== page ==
Tribal religion changes
Hinduism and Christianity are the major religious systems which have affected the tribal communities.
Sachidananda case study of Oraon or The Hindu news as latest case study - Revival of old religion in Jharkhand.
The Tharu (Srivastava 1958) and the Khasa (Majumdar 1962), the two central Himalayan tribes in North India are a good example of completely assimilated or Hinduised tribes. By adopting Hindu caste names, wearing the sacred thread, establishing social links with the local Rajput and Brahmin groups, these tribals have incorporated their identity with high caste Hindus. Similarly, the Kshatriya model (Srinivas 1966) of Hinduism has been adopted in middle India by the Chero, Kharwar, Pahariya of Bihar and the Bhumij of Madhya Pradesh.
In Eastern India the Bauri of West Bengal (see Shasmal 1967) accepted to observe the prescribed number of days of pollution for mourning, wear the sacred thread, go to pilgrimage and follow Vaishnavism. They now claim to belong to the Brahmin caste.
Similarly, in many of the Oraon villages of Chotanagpur, Hindu gods and goddesses are worshipped; Hindu priests are employed to carry out ritual performances during life-cycle ceremonies (Sahay 1962 and Sachchidanand 1964).
Hindu castes have been adopted by the Chenchu, Kadar and Muthuvan. Hindu gods and goddesses like Aiyappan, Maruti and Kali are worshipped by the Kadar.
Hutton (1931) observed that Hinduism and tribal religions share a common base, while Bose (1971: 6) is of the opinion that the tribal population of India has contributed to the making of Hinduism.
Tadvi Bhil Muslims wearing a sari, or they will fold and join their hands in front of an idol. They offer namaz. practise gotra exogamy, and are endogamous, bury their dead.
Beginning with the conversion of the Khasi of Assam in 1813, of the Oraon of Chotanagpur in 1850 and of the Bhil of Madhya Pradesh in 1880 (Sahay 1963, 1967) by Christian missionaries, Christianity has brought about many changes in the cultural life of the trbals in India.
Conversion to Christianity gave the tribals a model of westernisation.
Church organisation, western education, values and morals reached the tribals through Christianity. Their introduction implied a demand to give up tribal belief and practices. In some cases, traditional festivals were reinterpreted in terms Christianised myths. For example, origin of the festival Sarhul of the Munda was, after conversion, associated by them to the fight between Alexander and King Porus in 400 B.C. Sahay (1963)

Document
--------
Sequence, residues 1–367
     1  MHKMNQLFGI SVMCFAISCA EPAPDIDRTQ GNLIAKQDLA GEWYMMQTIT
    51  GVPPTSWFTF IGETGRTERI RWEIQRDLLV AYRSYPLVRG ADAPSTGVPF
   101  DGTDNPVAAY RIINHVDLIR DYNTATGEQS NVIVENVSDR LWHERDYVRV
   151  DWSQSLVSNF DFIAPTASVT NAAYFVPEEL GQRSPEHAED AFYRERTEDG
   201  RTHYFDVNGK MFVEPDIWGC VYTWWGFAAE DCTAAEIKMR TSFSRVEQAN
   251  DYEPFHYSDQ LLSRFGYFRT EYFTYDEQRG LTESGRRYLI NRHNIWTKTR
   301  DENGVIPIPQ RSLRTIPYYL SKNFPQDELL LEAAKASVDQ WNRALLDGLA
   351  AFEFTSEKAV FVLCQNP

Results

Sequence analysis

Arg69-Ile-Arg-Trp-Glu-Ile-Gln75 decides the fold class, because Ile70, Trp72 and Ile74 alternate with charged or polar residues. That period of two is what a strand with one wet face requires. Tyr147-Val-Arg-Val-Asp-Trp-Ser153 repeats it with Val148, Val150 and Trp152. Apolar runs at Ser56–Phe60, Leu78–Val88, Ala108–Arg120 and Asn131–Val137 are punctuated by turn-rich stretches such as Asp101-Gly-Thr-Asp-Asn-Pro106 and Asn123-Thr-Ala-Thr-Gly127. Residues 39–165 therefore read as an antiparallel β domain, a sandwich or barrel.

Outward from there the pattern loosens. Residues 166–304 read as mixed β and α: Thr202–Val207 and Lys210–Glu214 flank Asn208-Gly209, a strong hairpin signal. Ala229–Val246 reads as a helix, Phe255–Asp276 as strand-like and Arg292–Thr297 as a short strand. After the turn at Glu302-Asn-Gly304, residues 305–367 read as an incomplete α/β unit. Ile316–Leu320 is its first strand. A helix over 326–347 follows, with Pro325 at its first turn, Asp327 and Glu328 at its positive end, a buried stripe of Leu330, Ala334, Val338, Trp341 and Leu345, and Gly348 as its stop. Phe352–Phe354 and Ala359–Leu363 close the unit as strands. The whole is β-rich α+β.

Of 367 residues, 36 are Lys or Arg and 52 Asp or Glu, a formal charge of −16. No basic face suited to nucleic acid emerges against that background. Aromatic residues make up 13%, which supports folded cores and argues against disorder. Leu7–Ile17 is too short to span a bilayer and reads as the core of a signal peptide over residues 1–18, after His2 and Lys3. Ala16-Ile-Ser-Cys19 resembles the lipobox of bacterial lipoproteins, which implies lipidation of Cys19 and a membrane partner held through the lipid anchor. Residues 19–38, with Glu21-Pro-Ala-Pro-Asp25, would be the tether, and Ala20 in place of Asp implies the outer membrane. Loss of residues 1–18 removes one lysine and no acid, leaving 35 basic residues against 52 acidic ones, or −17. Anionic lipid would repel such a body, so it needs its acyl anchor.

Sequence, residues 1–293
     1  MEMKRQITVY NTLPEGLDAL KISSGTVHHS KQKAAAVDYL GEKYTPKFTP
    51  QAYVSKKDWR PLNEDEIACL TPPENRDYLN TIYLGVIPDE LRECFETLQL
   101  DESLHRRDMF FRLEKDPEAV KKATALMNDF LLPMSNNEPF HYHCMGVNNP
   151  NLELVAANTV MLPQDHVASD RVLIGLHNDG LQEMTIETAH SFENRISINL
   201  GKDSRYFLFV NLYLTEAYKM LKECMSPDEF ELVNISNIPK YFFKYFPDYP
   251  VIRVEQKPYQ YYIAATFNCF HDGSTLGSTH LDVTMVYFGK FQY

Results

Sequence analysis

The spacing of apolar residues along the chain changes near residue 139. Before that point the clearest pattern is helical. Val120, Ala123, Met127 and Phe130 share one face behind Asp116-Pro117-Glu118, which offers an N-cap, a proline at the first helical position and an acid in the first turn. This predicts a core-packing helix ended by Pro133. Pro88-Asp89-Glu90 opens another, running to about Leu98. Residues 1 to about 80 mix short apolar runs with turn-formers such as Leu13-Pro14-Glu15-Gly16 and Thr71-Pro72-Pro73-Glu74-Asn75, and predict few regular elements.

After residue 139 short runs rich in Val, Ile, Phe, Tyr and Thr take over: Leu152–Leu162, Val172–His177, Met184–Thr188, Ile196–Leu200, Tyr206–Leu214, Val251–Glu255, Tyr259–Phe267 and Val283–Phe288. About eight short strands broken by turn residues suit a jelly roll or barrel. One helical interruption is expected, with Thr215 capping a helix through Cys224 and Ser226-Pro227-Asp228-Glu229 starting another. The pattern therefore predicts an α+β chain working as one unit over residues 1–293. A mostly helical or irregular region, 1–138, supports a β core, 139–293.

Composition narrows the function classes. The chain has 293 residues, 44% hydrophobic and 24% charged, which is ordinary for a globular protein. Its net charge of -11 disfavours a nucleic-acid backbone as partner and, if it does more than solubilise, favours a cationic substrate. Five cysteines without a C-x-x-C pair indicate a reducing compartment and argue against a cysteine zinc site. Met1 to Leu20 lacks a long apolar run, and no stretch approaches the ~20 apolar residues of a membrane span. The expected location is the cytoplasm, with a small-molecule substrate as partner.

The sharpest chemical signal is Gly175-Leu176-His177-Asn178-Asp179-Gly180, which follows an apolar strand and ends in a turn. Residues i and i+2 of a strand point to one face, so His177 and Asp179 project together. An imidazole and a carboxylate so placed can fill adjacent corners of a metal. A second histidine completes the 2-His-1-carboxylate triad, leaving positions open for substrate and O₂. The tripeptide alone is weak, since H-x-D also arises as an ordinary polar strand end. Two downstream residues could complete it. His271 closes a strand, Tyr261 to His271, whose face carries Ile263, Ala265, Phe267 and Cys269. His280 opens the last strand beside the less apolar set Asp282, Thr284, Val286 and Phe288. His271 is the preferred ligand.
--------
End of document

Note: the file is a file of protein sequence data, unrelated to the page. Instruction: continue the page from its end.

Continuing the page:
gave up their faith in traditional Sarna religion and adopted Christian faith. This resulted in considerable changes in celebration of festivals, village organisation, economic life and other aspects of their culture. Thus, some scholars have viewed Christianity as a source of disintegration of tribal religion.
Under the Church organisational network, many tribal groups scattered over a wider area came together and built contacts not only with the provincial and national but also international Church bodies.
Radical Religious change case study
The leader of Tana Bhagat movement was called Jatra Oraon who lived in village Beparinwatoli in Bishanpur Thana of Gumla sub-division of Ranchi district. In 1914, this person announced in the month of April that Dharmesh, the high god of the Oraon, had revealed to him that the people would have to give up the worship of ghosts and spirits and the practice of exorcism. He told his people that they would have to refrain from animal sacrifice, meat eating, liquor drinking etc. Even cultivation by plough with the use of animal power was rejected. It was believed that god had given to Jatra certain songs or spells by which fever, sties, and other ailments could be cured.